UK new car registrations grew by 26.2% in February according to the latest figures from the Society of Motor Manufacturers and Traders (SMMT).
While February is typically low volume ahead of the March number plate change, this year it marked the seventh month of consecutive growth as easing supply chain shortages steered the market closer to pre-pandemic levels – it was down just 6.5% on the same month in 2020.
The month saw almost universal growth across the market, with deliveries to private buyers up 5.8% and those to large fleets up 46.2%. Business registrations, which account for a fraction of the market, increased by 0.7%, equivalent to just nine units.
There was also growth in all but two segments, with only registrations of executive and luxury saloon cars falling, by 15.4% and 6.3% respectively. Minis (up 66.1%), multipurpose vehicles (41.9%) and superminis (37.7%) posted the largest percentage uplifts, with superminis remaining the most popular, accounting for a third (33.1%) of all deliveries.
Hybrid electric vehicles (HEVs) recorded the most significant growth of all fuel types, up 40.0%, followed by petrol, up 35.8% with a 56.9% market share, while diesel registrations fell by 7.0%.
Zero emission capable vehicles continued their upward trend last month, with plug-in hybrids (PHEVs) rising 1.0% and battery electric vehicles (BEVs) posting another strong month, up 18.2% to account for one in six new UK car registrations.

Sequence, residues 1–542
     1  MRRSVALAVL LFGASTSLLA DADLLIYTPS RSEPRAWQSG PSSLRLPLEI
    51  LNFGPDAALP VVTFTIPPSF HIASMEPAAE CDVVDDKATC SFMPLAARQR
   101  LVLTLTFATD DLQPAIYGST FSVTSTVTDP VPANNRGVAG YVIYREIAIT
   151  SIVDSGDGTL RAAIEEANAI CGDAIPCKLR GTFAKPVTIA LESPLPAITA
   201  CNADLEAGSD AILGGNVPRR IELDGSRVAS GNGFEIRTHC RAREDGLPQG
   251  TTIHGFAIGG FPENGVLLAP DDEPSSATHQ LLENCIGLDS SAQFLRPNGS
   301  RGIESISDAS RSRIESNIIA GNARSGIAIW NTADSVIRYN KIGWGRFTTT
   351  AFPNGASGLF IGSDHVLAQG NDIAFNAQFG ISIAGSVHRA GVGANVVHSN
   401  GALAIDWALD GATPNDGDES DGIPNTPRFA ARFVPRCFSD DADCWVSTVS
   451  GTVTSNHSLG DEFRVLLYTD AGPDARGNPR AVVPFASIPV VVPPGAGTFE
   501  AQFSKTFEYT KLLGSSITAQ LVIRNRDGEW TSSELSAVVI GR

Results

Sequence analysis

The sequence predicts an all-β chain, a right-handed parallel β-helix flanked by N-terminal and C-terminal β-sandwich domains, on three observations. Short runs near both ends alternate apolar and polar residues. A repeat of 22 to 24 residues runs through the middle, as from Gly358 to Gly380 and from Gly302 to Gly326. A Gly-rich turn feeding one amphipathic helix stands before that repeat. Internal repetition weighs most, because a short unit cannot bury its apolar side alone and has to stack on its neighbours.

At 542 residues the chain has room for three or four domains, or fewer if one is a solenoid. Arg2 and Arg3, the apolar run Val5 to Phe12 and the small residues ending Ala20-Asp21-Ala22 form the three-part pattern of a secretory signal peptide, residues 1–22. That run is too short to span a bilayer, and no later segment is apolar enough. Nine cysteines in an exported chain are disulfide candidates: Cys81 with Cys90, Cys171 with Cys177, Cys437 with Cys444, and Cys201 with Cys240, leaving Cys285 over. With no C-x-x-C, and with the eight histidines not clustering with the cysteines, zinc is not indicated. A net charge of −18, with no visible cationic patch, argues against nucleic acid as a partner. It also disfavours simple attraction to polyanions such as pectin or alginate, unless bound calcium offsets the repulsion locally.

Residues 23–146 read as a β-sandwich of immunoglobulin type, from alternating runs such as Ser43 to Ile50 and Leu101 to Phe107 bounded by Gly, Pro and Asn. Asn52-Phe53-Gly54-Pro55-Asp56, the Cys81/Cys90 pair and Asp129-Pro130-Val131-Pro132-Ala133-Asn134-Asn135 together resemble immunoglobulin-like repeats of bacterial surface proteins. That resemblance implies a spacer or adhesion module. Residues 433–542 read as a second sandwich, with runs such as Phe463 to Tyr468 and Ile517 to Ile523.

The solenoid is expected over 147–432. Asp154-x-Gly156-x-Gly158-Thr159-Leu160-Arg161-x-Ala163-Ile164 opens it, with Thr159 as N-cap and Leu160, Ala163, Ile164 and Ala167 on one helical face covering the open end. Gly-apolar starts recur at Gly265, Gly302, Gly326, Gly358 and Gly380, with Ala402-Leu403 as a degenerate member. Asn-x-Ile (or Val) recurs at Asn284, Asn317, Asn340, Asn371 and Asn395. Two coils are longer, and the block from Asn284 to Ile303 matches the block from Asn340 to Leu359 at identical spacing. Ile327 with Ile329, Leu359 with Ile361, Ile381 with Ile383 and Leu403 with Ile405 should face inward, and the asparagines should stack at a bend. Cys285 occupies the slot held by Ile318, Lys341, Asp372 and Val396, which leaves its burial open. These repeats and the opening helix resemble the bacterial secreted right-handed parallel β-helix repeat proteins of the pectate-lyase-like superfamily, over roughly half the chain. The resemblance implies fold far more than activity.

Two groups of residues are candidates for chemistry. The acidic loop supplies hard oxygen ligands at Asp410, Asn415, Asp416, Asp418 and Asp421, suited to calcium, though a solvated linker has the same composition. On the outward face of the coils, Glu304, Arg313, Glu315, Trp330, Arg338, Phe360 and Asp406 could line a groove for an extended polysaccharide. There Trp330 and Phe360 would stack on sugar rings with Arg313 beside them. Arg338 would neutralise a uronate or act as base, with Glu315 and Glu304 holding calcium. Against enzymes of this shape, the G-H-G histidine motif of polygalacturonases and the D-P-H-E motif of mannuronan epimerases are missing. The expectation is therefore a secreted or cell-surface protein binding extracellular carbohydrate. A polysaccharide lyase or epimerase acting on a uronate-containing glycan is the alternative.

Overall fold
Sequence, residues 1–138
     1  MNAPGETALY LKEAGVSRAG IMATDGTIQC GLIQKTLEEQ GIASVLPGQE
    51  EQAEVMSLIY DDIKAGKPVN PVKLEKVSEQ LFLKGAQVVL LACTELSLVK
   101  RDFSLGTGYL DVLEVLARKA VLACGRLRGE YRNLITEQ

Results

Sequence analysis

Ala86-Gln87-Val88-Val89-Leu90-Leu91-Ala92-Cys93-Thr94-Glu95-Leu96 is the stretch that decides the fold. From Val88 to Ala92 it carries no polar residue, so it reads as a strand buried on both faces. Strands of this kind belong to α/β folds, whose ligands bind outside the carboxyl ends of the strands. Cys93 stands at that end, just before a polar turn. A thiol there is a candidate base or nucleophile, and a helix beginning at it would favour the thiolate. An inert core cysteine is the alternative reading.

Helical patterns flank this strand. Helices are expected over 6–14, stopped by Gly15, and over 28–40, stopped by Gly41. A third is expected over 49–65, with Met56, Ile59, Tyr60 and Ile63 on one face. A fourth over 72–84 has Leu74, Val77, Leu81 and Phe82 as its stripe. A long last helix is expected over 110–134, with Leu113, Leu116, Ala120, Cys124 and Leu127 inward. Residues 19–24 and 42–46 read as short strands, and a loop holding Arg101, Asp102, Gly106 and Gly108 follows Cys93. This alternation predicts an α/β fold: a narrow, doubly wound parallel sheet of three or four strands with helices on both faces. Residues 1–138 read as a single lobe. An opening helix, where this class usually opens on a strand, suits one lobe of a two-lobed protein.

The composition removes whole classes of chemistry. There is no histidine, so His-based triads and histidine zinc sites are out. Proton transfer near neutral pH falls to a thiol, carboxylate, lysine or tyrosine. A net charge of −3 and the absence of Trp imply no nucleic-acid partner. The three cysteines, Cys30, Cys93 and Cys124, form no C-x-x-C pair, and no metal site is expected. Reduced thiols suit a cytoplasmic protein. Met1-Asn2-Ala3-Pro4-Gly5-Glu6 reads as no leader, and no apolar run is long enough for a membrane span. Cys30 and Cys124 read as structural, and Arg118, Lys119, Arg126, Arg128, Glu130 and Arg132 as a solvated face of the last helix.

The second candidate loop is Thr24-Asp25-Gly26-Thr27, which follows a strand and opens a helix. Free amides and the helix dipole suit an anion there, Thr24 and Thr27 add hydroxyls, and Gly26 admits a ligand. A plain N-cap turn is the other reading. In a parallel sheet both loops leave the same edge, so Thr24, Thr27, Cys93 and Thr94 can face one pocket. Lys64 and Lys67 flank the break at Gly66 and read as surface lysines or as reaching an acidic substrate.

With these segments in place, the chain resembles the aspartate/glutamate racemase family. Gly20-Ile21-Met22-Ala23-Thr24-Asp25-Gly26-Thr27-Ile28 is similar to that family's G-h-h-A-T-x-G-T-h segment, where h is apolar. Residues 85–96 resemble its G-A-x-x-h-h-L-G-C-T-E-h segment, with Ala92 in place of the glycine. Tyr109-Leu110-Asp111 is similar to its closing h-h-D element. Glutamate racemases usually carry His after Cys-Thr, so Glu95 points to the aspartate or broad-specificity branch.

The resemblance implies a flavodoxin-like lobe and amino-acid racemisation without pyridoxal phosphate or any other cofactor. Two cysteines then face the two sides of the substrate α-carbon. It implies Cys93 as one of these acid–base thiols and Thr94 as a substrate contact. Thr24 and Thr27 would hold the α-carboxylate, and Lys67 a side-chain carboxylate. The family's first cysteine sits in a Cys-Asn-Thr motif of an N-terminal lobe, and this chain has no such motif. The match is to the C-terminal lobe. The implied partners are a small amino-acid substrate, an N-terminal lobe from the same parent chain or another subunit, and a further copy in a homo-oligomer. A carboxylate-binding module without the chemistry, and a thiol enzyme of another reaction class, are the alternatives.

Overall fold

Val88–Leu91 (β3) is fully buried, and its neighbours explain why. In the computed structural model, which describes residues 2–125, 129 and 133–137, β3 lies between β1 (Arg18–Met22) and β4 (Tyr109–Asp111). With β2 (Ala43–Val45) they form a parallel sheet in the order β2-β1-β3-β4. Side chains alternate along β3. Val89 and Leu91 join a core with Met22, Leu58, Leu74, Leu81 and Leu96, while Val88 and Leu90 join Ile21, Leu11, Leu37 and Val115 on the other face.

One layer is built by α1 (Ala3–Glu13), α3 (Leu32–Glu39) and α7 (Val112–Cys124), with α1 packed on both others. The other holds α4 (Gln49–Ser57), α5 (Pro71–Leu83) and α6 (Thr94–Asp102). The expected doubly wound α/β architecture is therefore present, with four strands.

Combined, plug-ins accounted for almost a quarter (22.8%) of all deliveries in the month, with further growth anticipated.
Mike Hawes, SMMT Chief Executive, said: “After seven months of growth, it is no surprise that the UK automotive sector is facing the future with growing confidence. It is vital, however, that government takes every opportunity to back the market, which plays a significant role in Britain’s economy and net zero ambition. As we move into ‘new plate month’ in March, with more of the latest high-tech cars available, the upcoming Budget must deliver measures that drive this transition, increasing affordability and ease of charging for all.”